<OL> <LI> Model preharvest interventions for E. coli O157:H7 in commercial feedlot cattle; <LI> Investigate dietary factors affecting fecal shedding of E. coli O157:H7 in cattle; <LI> Evaluate the effects of probiotics on fecal prevalence of E. coli O157:H7 in feedlot cattle and determine the potential mode of action; <LI> Evaluate house flies as potential source of E. coli O157:H7 to cattle; <LI> Identify genetic elements in E. coli O157:H7 strains that are associated with fecal shedding of E. coli O157:H7 at high concentrations in cattle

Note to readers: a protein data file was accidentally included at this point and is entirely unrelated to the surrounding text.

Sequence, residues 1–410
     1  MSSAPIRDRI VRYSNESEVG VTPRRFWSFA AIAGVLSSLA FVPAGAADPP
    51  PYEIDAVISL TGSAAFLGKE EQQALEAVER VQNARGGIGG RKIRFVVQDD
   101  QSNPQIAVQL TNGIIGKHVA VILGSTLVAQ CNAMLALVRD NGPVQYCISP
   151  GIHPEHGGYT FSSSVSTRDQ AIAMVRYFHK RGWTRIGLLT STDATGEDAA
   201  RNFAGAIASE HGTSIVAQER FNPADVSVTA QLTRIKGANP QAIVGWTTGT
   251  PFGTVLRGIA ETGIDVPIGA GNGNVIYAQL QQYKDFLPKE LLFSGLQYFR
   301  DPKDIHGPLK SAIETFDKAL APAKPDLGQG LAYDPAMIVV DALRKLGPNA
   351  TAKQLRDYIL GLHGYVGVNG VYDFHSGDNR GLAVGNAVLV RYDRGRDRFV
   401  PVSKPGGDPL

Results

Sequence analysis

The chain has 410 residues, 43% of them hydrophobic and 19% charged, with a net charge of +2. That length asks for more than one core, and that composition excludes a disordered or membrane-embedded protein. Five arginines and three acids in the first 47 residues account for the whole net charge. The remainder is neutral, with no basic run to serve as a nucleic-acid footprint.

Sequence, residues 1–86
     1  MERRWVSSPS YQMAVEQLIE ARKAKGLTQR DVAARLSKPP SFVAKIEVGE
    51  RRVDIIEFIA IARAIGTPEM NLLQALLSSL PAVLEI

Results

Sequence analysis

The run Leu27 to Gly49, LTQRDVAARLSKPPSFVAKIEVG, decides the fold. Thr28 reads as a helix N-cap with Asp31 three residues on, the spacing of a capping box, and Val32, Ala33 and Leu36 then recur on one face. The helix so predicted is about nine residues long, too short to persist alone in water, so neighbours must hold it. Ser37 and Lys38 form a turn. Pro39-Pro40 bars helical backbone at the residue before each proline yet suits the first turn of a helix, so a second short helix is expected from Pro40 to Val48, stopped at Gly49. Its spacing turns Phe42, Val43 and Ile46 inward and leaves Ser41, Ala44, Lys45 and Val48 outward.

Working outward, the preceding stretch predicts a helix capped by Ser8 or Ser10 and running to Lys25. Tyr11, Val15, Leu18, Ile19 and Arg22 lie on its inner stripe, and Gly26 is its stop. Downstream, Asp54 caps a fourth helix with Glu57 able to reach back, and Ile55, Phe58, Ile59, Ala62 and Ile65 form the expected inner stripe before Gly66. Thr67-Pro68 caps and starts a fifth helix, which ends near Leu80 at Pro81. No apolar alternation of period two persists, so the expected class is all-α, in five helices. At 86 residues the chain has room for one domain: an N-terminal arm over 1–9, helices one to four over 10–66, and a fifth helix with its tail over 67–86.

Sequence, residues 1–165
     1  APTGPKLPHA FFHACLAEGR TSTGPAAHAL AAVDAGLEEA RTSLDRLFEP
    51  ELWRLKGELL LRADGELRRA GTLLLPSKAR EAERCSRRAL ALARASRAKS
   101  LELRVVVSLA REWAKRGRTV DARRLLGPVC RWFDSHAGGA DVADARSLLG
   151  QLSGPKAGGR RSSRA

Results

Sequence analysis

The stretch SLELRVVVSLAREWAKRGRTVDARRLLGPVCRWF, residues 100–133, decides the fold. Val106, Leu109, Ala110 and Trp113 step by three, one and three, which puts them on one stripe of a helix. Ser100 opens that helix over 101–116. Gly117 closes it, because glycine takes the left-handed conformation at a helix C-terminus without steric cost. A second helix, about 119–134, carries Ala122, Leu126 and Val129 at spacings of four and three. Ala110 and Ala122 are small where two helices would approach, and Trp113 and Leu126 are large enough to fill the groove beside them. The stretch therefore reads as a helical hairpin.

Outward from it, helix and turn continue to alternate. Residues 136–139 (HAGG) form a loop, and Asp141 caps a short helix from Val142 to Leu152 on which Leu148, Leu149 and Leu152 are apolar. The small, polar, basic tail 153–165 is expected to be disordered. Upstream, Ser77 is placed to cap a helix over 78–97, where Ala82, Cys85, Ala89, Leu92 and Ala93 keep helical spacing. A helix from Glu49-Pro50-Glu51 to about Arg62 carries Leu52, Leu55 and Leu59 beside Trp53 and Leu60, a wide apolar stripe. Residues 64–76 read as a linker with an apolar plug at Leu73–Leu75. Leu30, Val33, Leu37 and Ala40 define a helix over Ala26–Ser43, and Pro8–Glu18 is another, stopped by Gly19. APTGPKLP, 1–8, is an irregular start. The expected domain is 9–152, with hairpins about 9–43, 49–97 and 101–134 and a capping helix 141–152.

Non-Technical Summary: Although the food supply in the US is one of the safest in the world, foodborne illnesses do occur and frequently are associated with foods derived from animals. Escherichia coli O157:H7, a food borne pathogen, is an important public health concern. Cattle are natural reservoirs of this organism and shed the bacteria in their feces, which then serve as a major source of contamination of food and water for human infection. Improvement in detection and quantification of E. coli O157:H7 in feces and further understanding of the ecology of this organism in cattle could potentially lead to mitigation strategies to reduce pathogen prevalence and pathogen load in cattle. Control strategies aimed at reducing the prevalence and concentration of E. coli O157:H7 in cattle feces, thus reducing the overall number of bacteria entering both the food and environmental pathways, may be the most effective approach for reducing the overall risk of human infections <P> Approach: Mathematical modeling is an effective method to assess impacts of multiple interventions in a complex system. In order to demonstrate the potential, conditional effects of individual and multiple interventions for E. coli O157:H7 as well as the relative value of interventions, we propose to stochastically model interventions within the framework of other pre-harvest and harvest interventions. Stochastic models will be used to account for both the variability in parameters and efficacy of interventions as well as uncertainty regarding their true values and effects. For the second objective, we propose to test diets that would supply substrates or products to the hindgut, and in so doing, alter the microbial ecology to effect changes in the growth and survival of E. coli O157:H7. We will do this initially in cattle enrolled in nutritional studies or in an in vitro batch-culture fermentation system with fecal microbial inoculum to test the effects of diets and dietary ingredients on E. coli O157:H7. Once specific component or ingredient is identified, we will test in cattle that are prescreened and confirmed as positive for fecal shedding of E. coli O157:H7 and assigned to dietary treatments. We will evaluate the ability of one or more commercially available probiotics to reduce the prevalence of E. coli O157:H7 and determine the potential mode of action using in vitro procedures. Cattle confirmed as culture positive for E. coli O157:H7 will be randomly allocated to group with no added probiotic (control) or to the treatment group which will receive a daily dose of a probiotic. Study cattle will be monitored daily and fecal samples will be obtained at appropriate intervals. We will evaluate the anti-E. coli O157:H7 activities of probiotics in vitro using two models, pure culture direct inhibition and ruminal or fecal microbial fermentations with added probiotics. We have observed very large numbers of house flies (HF) infesting steam-flaked corn (SFC) feed in feedlot facilities. This likely represents a hotspot for contamination of cattle feed by E. coli O157:H7 from HF. The SFC will be sampled immediately as it is produced and after HF access and cultured E. coli O157:H7. In addition, HF will be collected from SFC and cultured for E. coli O157:H7. This experiment will be replicated three times and at different SFC producing facilities. In the fourth objective, strains that are shed at high concentrations will be compared to strains that are shed at low concentrations. Preliminary genomic DNA microarray analysis on three high and three low shedder strains did not reveal differences. Therefore, PCR and sequencing a larger portion or the whole genes, and studying the gene expressions at RNA level from high and low shedder strains are necessary to identify genetic markers for super shedding. We plan to work on both DNA and RNA levels to cover potential differences that may only exist in gene expressions, and use 3 high and 3 low shedding strains for the initial study. Gene expression levels between high and low shedder strains will be calculated to identify genes that may linked to bacterial shedding.